So, you must be VERY cautious about the constant in front of the other factors. You can only divide it out when the expression actually does equal zero (which is not the usual case).(6 votes)
- What is the difference between a trinomial and a polynomial?(2 votes)
- a trinomial is an expression with exactly three parts, and a polynomial is an expression with more than one.(8 votes)
- What happens if there are no 2 numbers compatible as the product of the last number, and sum of the second?(5 votes)
- Not all trinomial quadratics can be rationally factored. For example, it is not possible to rationally factor
So, the answer is that you cannot factor such a trinomial. There is a test to determine whether it is possible to factor a trinomial quadratic expression. The test doesn't tell you what the factors are, but only whether there are any rational factors at all.
For a quadratic in the form of:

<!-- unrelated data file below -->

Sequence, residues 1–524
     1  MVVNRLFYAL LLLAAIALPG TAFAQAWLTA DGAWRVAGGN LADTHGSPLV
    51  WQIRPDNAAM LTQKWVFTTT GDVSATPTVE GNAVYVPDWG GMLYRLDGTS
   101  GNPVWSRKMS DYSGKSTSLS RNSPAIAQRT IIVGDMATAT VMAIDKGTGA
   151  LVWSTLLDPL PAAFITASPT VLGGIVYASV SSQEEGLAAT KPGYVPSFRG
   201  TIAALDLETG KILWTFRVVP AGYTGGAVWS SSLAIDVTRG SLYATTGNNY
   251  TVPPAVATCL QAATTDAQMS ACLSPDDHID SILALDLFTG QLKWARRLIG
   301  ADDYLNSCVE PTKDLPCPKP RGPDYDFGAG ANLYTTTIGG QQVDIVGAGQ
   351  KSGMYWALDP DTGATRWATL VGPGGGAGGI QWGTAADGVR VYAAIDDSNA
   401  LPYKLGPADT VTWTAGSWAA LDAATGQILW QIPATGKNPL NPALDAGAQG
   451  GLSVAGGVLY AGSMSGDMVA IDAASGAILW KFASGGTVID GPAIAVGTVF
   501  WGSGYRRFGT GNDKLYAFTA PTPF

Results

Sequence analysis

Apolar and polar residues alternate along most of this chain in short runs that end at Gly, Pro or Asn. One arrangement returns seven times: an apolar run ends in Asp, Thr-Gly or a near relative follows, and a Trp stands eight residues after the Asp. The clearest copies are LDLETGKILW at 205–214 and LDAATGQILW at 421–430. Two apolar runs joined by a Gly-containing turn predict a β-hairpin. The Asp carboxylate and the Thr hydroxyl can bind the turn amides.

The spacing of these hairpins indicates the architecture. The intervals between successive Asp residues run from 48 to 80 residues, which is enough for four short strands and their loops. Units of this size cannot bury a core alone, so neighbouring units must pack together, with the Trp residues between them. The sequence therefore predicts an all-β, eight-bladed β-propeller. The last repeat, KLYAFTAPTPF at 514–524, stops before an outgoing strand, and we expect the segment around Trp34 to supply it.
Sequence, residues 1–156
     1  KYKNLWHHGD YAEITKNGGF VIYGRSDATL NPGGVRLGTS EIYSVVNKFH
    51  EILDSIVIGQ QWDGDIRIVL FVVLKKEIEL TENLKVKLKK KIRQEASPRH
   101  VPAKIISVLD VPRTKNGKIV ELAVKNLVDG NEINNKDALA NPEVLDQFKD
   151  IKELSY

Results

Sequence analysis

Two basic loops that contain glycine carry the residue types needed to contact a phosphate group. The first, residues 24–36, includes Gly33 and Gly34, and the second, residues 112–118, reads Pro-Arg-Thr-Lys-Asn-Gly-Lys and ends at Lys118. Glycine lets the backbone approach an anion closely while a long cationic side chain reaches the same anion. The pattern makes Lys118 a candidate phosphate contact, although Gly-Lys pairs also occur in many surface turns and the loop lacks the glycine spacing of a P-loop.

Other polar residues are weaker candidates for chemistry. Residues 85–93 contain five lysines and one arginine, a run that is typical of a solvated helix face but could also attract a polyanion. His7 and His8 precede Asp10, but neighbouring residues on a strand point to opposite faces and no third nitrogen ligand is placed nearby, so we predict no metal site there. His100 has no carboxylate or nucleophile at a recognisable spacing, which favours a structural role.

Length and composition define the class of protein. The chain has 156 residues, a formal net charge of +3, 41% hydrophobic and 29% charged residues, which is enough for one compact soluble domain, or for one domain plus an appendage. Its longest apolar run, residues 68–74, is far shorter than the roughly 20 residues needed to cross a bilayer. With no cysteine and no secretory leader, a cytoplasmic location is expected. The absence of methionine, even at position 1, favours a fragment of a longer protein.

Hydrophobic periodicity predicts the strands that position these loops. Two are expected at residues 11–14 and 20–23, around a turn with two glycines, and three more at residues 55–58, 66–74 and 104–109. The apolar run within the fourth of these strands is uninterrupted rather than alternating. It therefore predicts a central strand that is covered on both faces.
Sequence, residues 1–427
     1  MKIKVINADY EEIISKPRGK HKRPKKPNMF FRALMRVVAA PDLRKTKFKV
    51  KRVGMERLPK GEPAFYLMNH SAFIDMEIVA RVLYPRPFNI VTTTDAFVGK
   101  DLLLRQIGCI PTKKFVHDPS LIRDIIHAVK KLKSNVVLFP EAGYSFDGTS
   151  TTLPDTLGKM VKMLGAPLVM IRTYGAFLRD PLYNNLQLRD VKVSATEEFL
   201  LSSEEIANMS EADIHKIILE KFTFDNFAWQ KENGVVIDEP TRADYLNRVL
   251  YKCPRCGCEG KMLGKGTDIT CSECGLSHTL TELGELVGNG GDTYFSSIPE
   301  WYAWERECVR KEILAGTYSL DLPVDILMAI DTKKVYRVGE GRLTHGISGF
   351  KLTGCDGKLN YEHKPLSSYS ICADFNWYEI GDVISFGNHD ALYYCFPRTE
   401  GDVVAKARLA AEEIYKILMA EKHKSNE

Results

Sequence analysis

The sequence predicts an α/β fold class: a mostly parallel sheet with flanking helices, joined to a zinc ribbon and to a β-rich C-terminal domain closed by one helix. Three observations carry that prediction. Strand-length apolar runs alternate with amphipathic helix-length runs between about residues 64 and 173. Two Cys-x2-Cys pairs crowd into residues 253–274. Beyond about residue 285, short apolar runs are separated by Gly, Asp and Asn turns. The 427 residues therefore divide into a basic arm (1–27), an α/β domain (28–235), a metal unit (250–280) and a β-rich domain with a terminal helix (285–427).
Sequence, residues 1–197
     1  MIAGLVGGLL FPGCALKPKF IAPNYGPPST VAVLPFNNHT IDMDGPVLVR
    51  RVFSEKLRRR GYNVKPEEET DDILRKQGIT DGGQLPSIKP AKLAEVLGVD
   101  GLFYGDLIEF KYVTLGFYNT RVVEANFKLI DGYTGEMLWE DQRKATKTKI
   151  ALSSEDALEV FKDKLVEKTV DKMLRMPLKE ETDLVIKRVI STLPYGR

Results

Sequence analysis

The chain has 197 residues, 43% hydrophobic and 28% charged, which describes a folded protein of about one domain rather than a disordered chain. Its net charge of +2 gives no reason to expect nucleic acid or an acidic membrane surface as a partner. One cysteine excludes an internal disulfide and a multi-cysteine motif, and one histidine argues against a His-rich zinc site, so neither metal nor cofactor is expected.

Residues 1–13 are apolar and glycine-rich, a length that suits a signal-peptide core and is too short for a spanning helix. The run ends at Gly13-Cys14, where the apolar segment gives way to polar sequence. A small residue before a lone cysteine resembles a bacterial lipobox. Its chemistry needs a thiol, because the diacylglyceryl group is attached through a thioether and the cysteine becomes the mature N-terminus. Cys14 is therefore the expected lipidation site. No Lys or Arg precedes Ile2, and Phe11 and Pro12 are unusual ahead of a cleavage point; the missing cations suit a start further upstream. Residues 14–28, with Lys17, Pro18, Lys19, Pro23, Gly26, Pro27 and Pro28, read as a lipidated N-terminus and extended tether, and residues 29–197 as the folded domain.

ax² + bx + c
and a, b and c are all rational real numbers:
There can be rational factors if and only if
b²-4acis either 0 or a perfect square.
For example, the above quadratic,
a = 2, b=15, c=−3
b²-4ac = 15² − 4(2)(−3) = 249
This is not a perfect square or 0, thus it is impossible to rationally factor this polynomial.
Now let us test
10x²-51x-91(this is not easy to factor, so let us check whether it is even possible).
a = 10, b= -51, c = -91thus
b²-4ac = (-51)² - 4(10)(-91) = 2601 + 3640 = 6241←this is a perfect square, so it can be factored`
√6241 = 79(0 votes)
What do you do for an equation that = 0 like
p^2 + 5p - 84 = 0(3 votes)
- also if you can factor out something (2x^3+4x^2+2x can have 2x factored out), you can find another value.
from previous problem: 2x(x^2+2x+1) x=0 or ?
therefore, x=0 or -1(2 votes)
- but how would foil something like (x-2)(x3)(x-5)(3 votes)
- Foil (x-2) and (x-5) then multiply it by (x^3)(3 votes)
- What happens when they aren't common factors?(3 votes)
- When there isn't a GCF...
If a=1, then find a 2 two numbers that multiply to C, and add to B.
x^2 + 11x + 24 8 & 3 works!
(x + 8)(x + 3) is your answer!
If a≠1, then you can group!
5x^2 - 17x + 6, -2x and -15x will replace B
(5x^2 - 2x)(-15x + 6)
(x-3)(5x-2) is your answer!
Hope this helped, there is probably a lesson on this.(1 vote)
how did you come up with +3 and -6?(1 vote)
- Sal was looking for numbers that make -18 when multiplied together, such as 3 and -6.(5 votes)
- Sorry if this isn't supposed to be under this video,